This Buck Should Stop at the Hall

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Apparently I’ve entered the second stage of grieving for Buck O’Neil, because I’m angry.

I’m not angry that he passed away last Friday. Anyone who makes it to 94, still singing and dancing in his final year, received the deck’s best cards.

I’m angry that he died without the prefix “Hall of Famer” attached to his name. It’s enough to make you question the point of having a Baseball Hall of Fame.

I keep hearing that integrity and character are vital qualities for induction. That’s what has kept Pete Rose out. That’s what looms as a serious roadblock for Barry Bonds when he becomes eligible.


No one had more integrity and stronger character than Buck O’Neil. No one made more contributions to the game, which is another of the voting criteria spelled out to the Veterans’ Committee that denied O’Neil once again this year.

For decades O’Neil was the voice for Negro Leagues players who were denied access to the major leagues during their career and were no longer alive to tell their stories. He would travel anywhere and talk about the old days. O’Neil was a living website.

He harbored a boundless love for baseball even though the most prestigious level of the sport was closed to him as a player. He made history as the major leagues’ first African American bench coach with the Chicago Cubs in 1962, helping to pave the way for Frank Robinson to become the first African American manager in 1975.

Apparently that wasn’t enough to outweigh O’Neil’s .288 lifetime batting average in the Negro Leagues. Numbers, huh? Then why does Rose’s gambling count more than his 4,256 hits? And why are the mere accusations of steroid use enough for some voting members to say they’ll overlook Bonds’ seven most valuable player awards?

They all should be in. But if you’re going to force me to choose one, I’d pick O’Neil.

One of the subjective Hall of Fame criteria I’ve heard cited is: can you tell the history of the sport without them? We wouldn’t be telling the great tales of the Negro Leagues without O’Neil, who gave us his personal insight to the feats of Satchel Paige, Josh Gibson, Cool Papa Bell and others.

O’Neil helped found the Negro Leagues Baseball Museum in Kansas City, where he played for the Monarchs. He was always on the move, educating people about baseball and raising funds for the museum. One itinerary earlier this year took him to Houston, Minneapolis, then San Diego in one week.


What O’Neil understood is that the best way to honor people is to remember them when they’re gone. O’Neil deserves to be included in Cooperstown where we remember all the game’s legends.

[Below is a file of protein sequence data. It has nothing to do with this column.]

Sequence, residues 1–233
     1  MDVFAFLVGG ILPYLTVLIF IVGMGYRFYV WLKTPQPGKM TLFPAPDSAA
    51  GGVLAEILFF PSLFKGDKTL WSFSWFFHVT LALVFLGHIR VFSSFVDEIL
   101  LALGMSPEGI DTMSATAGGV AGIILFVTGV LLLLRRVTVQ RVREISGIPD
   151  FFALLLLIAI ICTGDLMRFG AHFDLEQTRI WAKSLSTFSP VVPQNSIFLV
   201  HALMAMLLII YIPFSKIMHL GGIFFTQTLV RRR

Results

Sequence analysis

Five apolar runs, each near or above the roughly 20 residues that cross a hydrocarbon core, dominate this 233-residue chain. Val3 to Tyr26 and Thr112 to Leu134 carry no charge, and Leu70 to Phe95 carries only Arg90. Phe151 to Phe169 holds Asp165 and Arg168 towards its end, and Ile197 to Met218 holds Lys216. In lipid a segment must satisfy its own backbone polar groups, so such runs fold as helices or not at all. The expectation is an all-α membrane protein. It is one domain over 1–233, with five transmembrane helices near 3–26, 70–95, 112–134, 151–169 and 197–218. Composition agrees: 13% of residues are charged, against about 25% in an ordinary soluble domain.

But he also deserved to be there when baseball repaid him for all of his donations.

“I think some way, shape, form or fashion, we’ve always felt that eventually Buck will be in the Hall of Fame,” said Bob Kendrick, O’Neil’s friend and colleague at the Negro Leagues Baseball Museum. “My concern was whether it would happen in his lifetime. That’s the occasion that was missed.”

The first Hall of Fame class was inducted in 1939. Negro Leaguers weren’t admitted until the 1970s, starting with Paige. When the Veterans’ Committee decided to honor another group from the Negro Leagues era, everyone thought O’Neil would be included.

“It was something that he wanted,” Kendrick said. “Yes, he was disappointed. But he handled that disappointment so selflessly. It was just a tremendous lesson.”

He even agreed to speak at the induction ceremony in Cooperstown. Could you give imagine giving a wedding toast while the woman of your dreams married another man? But O’Neil believed a platform to talk about the Negro Leagues and a chance to honor those who did make it outweighed his own feelings of being snubbed.

So on the last weekend in July he stood there in his gray suit and praised those who tried to “build a bridge across a chasm of prejudice.”


He wasn’t bitter about any of the injustices he faced because, “I never learned to hate.”

Not people, at least. He hated things like cancer and AIDS. “But I can’t hate a human being,” he said.

He got the crowd to join hands and sing, “The greatest thing/in all my life/is loving you.”

That was O’Neil’s final national appearance. To those who knew him, he hadn’t been his same energetic self. They would find out later that he had bone marrow cancer.

“Really, he was sick when he went to the Hall of Fame,” Kendrick said. “But the adrenaline and the occasion kept him going.”

You could say baseball kept him going, all the way into his 90s. His last project was to raise money for the Buck O’Neil Education and Research Center, a $15-million expansion of the Negro Leagues museum.

You can help continue O’Neil’s legacy at

His Hall of Fame eligibility window for election by the media has long passed, and there’s no provision for write-in candidates. But the Hall did make an exception for Roberto Clemente by waiving the usual five-year waiting period for eligibility after he died in a plane crash in 1972. They should make a similar break from protocol for O’Neil.


No one deserves an exception more than this exceptional man.

J.A. Adande can be reached at To read more by Adande, go to